Why the Ocean Ecosystem needs Whales

By Ramya Naresh
Ramya Naresh
Ramya Naresh
July 29, 2014 Updated: July 29, 2014

All species big and small have a role to play in the natural world defining the habitat and the ecosystem they live in. Now scientists have found the important tasks whales have been given to maintain the health of the oceans. A recent study shows that these giant mammals have an influence on global carbon storage, the health of commercial fisheries and are important part of the ocean ecosystem living and even after death.

“For a long time, whales have been considered too rare to make much of a difference in the oceans,” said University of Vermont conservation biologist Joe Roman.

In order to understand the ecological significance of whales better, Roman and a team of biologists compared the statistics from decades of research on whales around the globe and came to the conclusion that whales matter a lot to the well-being of the oceanic ecosystem.

The decline in great whale numbers, estimated to be at least 66% and perhaps as high as 90%, has likely altered the structure and function of the oceans,” Roman and his colleagues write in the July 3, 2014, online edition of Frontiers in Ecology and the Environment, “but recovery is possible and in many cases is already underway.”

The Whale’s Role

Baleen and sperm whales, known collectively as the “great whales,” include the largest animals to have ever lived on Earth.

Here are some important roles they play in the ocean,

Food Chain – Because of their high food intake, whales eat a large number of fishes and vertebrates in the ocean. They are themselves prey to other predators like killer whales, and distribute nutrients through the water. This makes them an important part of the food chain.

“As humpbacks, gray whales, sperm whales and other cetaceans recover from centuries of overhunting, we are beginning to see that they also play an important role in the ocean,” Roman said. “Among their many ecological roles, whales recycle nutrients and enhance primary productivity in areas where they feed.”

Whale Fall – Even their carcasses, dropping to the seafloor, provide habitat for many species that only exist on these “whale falls.” In fact, the researchers fear there are many invertebrates that became extinct when whales were hunted to death decades ago and their number had suddenly plummeted leaving no ‘homes’ for the invertebrates.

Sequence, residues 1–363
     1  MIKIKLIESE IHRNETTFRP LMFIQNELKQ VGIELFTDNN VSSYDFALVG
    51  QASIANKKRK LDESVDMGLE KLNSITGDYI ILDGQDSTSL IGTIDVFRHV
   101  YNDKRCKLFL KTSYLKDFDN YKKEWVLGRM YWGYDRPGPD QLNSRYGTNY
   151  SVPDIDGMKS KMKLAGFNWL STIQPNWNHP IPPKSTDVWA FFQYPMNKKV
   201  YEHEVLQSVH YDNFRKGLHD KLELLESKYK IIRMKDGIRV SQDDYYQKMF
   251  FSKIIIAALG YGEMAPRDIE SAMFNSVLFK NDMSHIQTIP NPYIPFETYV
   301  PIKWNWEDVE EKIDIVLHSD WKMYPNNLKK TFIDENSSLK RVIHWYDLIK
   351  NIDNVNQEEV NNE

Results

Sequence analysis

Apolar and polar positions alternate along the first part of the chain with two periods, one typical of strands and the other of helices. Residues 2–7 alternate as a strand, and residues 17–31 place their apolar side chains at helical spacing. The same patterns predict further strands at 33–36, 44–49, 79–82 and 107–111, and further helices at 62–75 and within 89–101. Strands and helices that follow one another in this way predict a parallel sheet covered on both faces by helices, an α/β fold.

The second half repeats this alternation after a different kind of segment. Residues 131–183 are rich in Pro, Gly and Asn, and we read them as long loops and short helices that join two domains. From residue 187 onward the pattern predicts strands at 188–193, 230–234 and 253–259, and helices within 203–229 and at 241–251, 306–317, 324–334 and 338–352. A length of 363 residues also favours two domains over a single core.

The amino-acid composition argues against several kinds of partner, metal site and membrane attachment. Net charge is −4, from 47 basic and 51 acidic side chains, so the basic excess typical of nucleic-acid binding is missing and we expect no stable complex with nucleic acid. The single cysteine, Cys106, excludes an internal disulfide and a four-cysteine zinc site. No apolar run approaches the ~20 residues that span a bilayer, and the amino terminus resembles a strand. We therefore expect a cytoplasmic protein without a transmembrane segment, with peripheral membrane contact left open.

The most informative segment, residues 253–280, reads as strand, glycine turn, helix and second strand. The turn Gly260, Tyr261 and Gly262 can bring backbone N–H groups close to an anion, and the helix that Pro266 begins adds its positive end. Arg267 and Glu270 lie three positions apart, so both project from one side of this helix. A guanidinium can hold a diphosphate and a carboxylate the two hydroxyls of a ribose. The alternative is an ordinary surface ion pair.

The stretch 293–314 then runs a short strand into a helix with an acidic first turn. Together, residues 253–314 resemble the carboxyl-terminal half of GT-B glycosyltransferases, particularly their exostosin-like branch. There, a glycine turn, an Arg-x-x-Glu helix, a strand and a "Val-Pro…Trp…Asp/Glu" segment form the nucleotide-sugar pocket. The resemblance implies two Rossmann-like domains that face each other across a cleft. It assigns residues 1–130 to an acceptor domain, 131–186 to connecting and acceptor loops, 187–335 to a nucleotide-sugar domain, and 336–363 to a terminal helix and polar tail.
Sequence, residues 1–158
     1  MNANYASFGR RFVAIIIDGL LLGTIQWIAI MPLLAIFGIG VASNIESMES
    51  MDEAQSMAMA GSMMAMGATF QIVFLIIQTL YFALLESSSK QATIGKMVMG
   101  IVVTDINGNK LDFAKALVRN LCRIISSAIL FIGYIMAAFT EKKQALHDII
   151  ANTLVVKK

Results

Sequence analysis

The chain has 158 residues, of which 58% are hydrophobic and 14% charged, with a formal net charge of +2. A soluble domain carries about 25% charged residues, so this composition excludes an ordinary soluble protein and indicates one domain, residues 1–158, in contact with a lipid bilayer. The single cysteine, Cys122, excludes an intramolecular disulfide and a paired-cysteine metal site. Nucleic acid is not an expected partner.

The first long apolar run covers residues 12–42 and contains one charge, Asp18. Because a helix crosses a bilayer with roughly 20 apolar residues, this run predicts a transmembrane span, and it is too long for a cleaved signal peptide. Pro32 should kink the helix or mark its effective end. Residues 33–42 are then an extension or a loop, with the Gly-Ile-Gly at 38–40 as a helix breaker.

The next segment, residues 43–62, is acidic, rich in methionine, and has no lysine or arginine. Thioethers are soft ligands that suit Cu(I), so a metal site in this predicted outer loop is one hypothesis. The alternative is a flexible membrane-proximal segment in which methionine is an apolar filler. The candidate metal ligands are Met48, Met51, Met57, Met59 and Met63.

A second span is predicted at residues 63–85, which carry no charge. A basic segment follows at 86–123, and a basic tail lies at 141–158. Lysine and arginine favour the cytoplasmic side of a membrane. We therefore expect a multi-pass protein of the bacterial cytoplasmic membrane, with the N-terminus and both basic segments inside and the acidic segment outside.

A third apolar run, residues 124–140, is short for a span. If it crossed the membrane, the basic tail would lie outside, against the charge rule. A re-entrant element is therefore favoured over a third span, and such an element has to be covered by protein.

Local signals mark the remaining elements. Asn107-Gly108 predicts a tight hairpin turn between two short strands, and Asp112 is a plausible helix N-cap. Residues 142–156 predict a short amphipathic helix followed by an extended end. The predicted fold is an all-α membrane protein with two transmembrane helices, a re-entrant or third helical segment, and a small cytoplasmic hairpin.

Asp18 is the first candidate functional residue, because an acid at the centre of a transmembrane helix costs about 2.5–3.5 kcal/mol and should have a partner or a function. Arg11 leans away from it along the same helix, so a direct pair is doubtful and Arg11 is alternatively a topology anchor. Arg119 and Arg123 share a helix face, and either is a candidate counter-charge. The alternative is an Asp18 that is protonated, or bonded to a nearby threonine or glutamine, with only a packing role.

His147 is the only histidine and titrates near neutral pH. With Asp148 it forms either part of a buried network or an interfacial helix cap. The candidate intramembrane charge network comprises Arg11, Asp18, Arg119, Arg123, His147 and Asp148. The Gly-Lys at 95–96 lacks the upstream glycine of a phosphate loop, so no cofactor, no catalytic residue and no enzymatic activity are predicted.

Whale Pump – Whales catch their prey at ocean depths and release the faecal plumes in the surface. This supports plankton growth and the whole process is called whale pump.

High to low latitudes – Whales also move nutrients thousands of miles from productive feeding areas at high latitudes to calving areas at lower latitudes.

The researchers say that traditionally commercial fishermen sea whales as a competitor in the waters, but their study explains that the opposite is true. By their presence, whales increase the entire population of a gamut of ocean dwelling species.

“As long-lived species, they enhance the predictability and stability of marine ecosystems,” Roman said.

Saving Whales

Despite their important function, large size and significance in mythology whales have suffered in the hands of humans. Seven out of the thirteen great whale species are classified as endangered or vulnerable, even after decades of protection.

Ocean ecosystems are threatened by increasing temperatures and acidification. Other factors such as collision with ships, entanglement in fishing nets cause damage to whales. Whales are rendered deaf by the noise from shipping activity. Oil rigs affect their feeding and breeding grounds and cause changes in their migratory path.

The study authors believe, new observations of whales will provide a more accurate understanding of historical population dynamics and “are likely to provide evidence of undervalued whale ecosystem services,”

“This area of research will improve estimates of the benefits — some of which, no doubt, remain to be discovered — of an ocean repopulated by the great whales.”

Whales roam through all of the world’s oceans and communicate with complex and mysterious sounds. The blue whale can reach lengths of more than 100 feet and weigh up to 200 tons—as much as 33 elephants.  Despite living in the water, whales breathe air. And like humans, they are warm-blooded mammals who nurse their young. A thick layer of fat called blubber insulates them from cold ocean waters.

Some whales are known as baleen whales including blue whale, right whale, bowhead whale, sei whale and gray whale. They get the name because of the special bristle-like structures in their mouths (called baleen) that strains food from the water. Other whales, such as beluga or sperm whales, have teeth.

This article was originally written by Ramya Naresh, a contributing writer for indiasendangered.com. For more information and the original story, please click HERE.